Is Chupi Roh your first film? If not, please tell us about your other works. And if yes, how are you feeling on the eve of your premiere at TSAFF?
Chupi Roh is my first independent film. A film titled 'Shut Up' was my dissertation film in SIMC, Pune, which was my first film – it was produced by SIMC. Currently, the film is on several digital platforms like MXPlayer, Hungama Play and other streaming services. My team and I are thrilled and honoured to have Chupi Roh's World Premiere at TSAFF. It's a significant milestone for us.
Why did you make Chupi Roh? And what was the process like?
I am fascinated by the intricate realms of interpersonal relationships. Being an ally, I strongly feel about LGBTQIA+ issues. During COVID, I spent a lot of my time in my village. I started to tell my parents about things I had learned, and shared my experiences with them. One particular conversation with my mother inspired me to write Chupi Roh. Later that year, I developed Chupi Roh's script in a screenwriting fellowship with Film Independent's Global Media Makers, collaborating with the Dharamshala International Film Festival in 2021.
Once I locked the script, I had a producer on board, but it didn't work out. I was determined to make this film even if I had to do it on my own. I started scouting for locations with the help of my father Mr. Karam Dutt Bhardwaj, and simultaneously reached out to people I know for collaboration. I reached out to a friend, a renowned cinematographer, Salu K Thomas, who got on board. Things just started to fall into place after that.
I faced many challenges, one after the other, but I didn't stop. Choosing to shoot the film in local locations, and in the dialect of Nirmand was a deliberate decision because it stems from a deep-rooted connection to my Pahari culture. I wanted to explore the nuances of life in such rural spaces.
The cast, Palvi Jaswal, Vaibhav Sharma and Navendu, came together for the love of this film and craft from different spaces. Vaibhav, who plays Abbu, was selected from more than fifty children that I had auditioned. I took an acting workshop of eight children to make them comfortable with the acting process since none of them had any experience in front of a camera.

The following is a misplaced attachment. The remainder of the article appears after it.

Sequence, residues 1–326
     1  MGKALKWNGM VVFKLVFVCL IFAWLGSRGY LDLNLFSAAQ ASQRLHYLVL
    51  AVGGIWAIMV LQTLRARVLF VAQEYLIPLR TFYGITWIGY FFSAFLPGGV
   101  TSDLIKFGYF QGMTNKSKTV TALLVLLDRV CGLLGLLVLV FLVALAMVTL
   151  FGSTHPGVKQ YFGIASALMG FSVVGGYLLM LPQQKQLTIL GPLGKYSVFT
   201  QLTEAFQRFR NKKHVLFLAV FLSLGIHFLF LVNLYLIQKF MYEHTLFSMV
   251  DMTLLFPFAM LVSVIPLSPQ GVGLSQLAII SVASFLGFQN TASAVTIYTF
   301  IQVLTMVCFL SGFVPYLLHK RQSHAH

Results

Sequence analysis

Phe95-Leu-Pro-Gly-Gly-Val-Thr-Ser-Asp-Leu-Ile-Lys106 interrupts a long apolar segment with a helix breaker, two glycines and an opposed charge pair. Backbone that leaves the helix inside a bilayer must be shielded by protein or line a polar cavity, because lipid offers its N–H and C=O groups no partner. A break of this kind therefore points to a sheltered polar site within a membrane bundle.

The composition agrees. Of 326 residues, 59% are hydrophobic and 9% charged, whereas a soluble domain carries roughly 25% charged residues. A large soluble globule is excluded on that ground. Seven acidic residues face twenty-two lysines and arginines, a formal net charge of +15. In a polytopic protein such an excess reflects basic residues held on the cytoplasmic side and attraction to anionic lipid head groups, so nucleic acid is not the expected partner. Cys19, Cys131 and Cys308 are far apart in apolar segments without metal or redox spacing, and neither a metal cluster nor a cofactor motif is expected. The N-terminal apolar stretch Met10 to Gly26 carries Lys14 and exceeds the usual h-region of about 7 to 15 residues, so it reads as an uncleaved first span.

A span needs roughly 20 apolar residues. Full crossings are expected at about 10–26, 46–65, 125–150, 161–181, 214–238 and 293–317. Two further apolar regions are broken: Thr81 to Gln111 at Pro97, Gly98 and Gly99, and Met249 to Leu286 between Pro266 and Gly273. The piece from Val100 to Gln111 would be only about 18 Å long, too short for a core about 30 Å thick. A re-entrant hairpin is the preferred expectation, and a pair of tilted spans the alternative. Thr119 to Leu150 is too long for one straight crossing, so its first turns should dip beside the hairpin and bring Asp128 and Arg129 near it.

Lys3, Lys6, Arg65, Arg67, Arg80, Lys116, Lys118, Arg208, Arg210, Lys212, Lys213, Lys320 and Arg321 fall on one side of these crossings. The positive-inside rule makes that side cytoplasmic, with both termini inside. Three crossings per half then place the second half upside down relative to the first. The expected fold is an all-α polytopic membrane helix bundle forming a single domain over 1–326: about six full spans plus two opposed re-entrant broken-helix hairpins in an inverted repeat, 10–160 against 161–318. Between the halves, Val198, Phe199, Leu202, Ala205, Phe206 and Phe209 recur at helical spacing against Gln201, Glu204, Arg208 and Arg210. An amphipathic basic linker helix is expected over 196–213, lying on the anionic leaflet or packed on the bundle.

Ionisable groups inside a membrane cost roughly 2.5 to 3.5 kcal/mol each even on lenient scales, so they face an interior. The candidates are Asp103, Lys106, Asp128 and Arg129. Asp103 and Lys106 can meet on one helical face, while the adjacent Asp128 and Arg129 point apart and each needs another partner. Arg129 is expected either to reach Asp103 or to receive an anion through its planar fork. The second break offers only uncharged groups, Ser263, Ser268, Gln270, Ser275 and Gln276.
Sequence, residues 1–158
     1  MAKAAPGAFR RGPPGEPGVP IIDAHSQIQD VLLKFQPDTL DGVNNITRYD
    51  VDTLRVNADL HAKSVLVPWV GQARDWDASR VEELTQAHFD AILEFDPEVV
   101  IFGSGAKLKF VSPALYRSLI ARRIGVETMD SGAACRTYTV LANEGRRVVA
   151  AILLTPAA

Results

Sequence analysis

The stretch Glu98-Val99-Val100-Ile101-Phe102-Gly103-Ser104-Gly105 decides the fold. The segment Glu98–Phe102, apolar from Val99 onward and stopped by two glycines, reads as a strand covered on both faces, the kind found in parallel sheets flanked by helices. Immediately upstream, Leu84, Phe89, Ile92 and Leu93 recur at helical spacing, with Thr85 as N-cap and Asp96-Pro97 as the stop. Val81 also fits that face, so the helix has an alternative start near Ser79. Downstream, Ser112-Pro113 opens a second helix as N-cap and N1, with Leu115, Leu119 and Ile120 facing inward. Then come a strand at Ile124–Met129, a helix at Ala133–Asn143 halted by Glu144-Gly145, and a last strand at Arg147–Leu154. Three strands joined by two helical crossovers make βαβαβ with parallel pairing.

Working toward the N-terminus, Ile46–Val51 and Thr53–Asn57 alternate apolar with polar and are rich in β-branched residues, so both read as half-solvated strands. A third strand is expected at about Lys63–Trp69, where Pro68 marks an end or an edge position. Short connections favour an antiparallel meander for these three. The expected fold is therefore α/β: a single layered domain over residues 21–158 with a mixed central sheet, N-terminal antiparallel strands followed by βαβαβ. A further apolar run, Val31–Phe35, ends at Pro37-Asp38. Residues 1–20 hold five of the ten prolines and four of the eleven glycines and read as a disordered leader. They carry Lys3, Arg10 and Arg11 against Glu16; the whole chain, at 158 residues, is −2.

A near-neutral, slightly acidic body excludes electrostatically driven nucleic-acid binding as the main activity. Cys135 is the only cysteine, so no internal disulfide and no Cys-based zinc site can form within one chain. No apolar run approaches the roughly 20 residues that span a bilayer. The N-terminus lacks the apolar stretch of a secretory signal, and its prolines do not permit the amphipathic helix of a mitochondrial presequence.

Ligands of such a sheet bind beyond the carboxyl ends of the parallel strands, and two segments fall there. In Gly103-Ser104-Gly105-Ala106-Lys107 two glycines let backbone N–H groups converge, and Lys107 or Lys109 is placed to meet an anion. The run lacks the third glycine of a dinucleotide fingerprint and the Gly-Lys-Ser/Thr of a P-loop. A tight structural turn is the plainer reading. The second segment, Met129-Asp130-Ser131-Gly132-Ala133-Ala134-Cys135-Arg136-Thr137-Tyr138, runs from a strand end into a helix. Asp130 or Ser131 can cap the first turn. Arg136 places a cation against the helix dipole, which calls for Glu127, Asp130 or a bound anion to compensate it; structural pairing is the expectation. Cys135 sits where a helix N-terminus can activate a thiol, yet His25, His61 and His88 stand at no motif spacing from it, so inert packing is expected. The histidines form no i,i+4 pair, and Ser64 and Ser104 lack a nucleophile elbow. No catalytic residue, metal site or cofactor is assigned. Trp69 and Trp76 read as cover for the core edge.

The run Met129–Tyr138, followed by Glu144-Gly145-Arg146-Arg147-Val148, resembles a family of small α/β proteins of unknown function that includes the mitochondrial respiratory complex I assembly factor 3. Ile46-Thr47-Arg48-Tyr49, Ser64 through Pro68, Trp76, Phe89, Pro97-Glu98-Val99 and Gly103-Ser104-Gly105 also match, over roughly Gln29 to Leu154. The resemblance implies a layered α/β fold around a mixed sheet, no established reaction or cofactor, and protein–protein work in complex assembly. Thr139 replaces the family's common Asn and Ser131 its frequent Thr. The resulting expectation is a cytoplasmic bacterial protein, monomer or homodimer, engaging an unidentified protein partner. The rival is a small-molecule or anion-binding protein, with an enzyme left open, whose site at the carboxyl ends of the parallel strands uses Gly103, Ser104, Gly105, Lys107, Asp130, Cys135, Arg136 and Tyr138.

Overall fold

It was not easy for me to shoot a film in a remote village. It was a logistical nightmare, but I had the best support system, especially my eldest sister, Anchal Bhardwaj. I could not have pulled it off without her. It was the best set I have ever worked on because everyone did everything. It was a beg, borrow and steal (from my parent’s old possessions) situation. It was a small unit but a strong one. Post-production took place in Mumbai, where I worked with my talented editor, Divyashree Samantaray. We spent almost half a year on post since there was a lot of back and forth and travelling involved, from Himachal to Mumbai. The entire process has been enriching and a great learning experience for me.
What are the many things you're planning to do after this?
I am currently working on a documentary centred around the age-old cultural traditions and why they exist along with the changing times, sometimes also vanishing. It's work in progress at the moment, and I'm hoping to find a collaboration for it. Also, I have started to work on a new draft for a feature script called Laddoo that I developed at a screenwriting workshop.
I believe in the untapped potential and extraordinary talent that the youth of Himachal Pradesh possess. I want to make regional films that not only celebrate the local essence but also have the power to resonate with audiences globally.
Give a message to your fellow filmmakers at TSAFF.
I extend my heartfelt congratulations to all fellow filmmakers for having their films in this esteemed Oscar-qualifying film festival, TSAFF 23. It is truly an honour to be in the company of such powerful and artful voices representing South Asia and its diaspora.
The link to Tasveer page of the film is below:
Book your ticket right away!